STAFF at the Ecology Building Society, Silsden, successfully delayed chainsaw-wielding workmen who attempted to fell an ancient tree on the site of a planned new Aldi store.
The supermarket giant has planning permission to remove the massive lime tree, now thought to be 250 years old, from the site off Keighley Road.
But workers at the green-minded building society are fighting to overturn that approval granted by Bradford Council and are appealing to Aldi to change its plans at the last minute.
And they vowed to keep constant vigil beneath the tree which borders their property after contractors began cutting its lower boughs.
Workers stood beneath its branches and hugged its trunk thus creating health and safety issues for those keen to cut it down.
They desperately tried to persuade Aldi to stay the axe during ground clearance work prior to building on the Keighley Road site, said EBS ethics manager Anna Laycock.
"We have challenged them on every front and taken every action that we can," she said.
"And we've been absolutely overwhelmed by support from local residents and also people online.
"People have been messaging us – and Aldi – from all over the country saying please don't cut the tree down.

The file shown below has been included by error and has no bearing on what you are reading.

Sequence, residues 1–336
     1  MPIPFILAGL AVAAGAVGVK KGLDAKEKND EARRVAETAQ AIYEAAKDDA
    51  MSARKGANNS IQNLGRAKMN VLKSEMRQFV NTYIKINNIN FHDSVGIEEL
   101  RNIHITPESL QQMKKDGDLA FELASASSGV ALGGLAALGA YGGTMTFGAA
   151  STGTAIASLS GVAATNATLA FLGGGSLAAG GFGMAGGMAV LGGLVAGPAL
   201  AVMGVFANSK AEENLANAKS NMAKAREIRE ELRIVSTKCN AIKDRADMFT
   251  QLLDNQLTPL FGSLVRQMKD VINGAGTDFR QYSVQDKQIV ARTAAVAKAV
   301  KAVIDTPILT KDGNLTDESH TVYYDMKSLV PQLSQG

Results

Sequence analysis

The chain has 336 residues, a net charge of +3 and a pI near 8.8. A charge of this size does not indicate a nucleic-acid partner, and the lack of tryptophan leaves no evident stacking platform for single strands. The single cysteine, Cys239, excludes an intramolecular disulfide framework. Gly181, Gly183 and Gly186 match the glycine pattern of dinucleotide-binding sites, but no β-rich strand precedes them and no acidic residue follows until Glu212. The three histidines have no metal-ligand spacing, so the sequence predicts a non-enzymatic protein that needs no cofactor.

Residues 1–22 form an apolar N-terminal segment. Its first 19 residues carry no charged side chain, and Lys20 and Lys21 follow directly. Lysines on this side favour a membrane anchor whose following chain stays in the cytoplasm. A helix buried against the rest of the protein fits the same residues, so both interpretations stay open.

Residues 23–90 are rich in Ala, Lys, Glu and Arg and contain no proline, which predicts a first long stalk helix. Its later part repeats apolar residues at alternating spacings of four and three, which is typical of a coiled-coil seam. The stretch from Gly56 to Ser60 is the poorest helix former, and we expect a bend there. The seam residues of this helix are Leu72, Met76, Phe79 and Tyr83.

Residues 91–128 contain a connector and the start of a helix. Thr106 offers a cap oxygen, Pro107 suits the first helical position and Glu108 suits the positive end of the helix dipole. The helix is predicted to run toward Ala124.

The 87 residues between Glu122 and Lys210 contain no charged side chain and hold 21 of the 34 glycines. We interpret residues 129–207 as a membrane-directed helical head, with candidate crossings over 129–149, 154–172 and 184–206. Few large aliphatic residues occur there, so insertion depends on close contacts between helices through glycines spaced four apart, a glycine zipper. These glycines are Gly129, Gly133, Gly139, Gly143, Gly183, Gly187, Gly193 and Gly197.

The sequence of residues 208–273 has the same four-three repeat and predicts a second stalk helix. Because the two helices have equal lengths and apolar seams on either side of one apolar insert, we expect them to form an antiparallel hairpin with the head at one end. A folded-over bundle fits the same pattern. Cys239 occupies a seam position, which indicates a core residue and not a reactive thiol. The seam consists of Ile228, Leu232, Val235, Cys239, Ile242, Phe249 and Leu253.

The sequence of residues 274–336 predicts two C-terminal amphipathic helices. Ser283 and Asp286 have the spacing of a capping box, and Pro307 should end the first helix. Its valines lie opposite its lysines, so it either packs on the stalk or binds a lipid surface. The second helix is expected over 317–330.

"Sadly the only response we have had so far from Aldi is that what they are doing is legal, but that doesn't make it right."
One fresh issue raised was the possibility that while Bradford Council planners had approved removal of the once-protected tree, that was subject to final approval of landscaping plans scheduled to be discussed on Monday, August 25.
"Aldi have said they will send us a document which says either that the landscaping plan has already been somehow approved or that they can remove the tree regardless," Miss Laycock said.
An Aldi spokesman said: "We are carrying out our development in line with the approved plans.
"There will be a significant replanting scheme within the site, prior to completion of the scheme."
And Coun Val Slater, Bradford Council's executive member for housing, planning and transport, said: "The removal of the tree was allowed following the granting of planning permission by committee. The Tree Preservation Order still stands on a number of other trees on the site.
"One of the conditions of the planning application being granted was that the new landscaping of the site would include the planting of a semi-mature lime tree close to the position of this tree."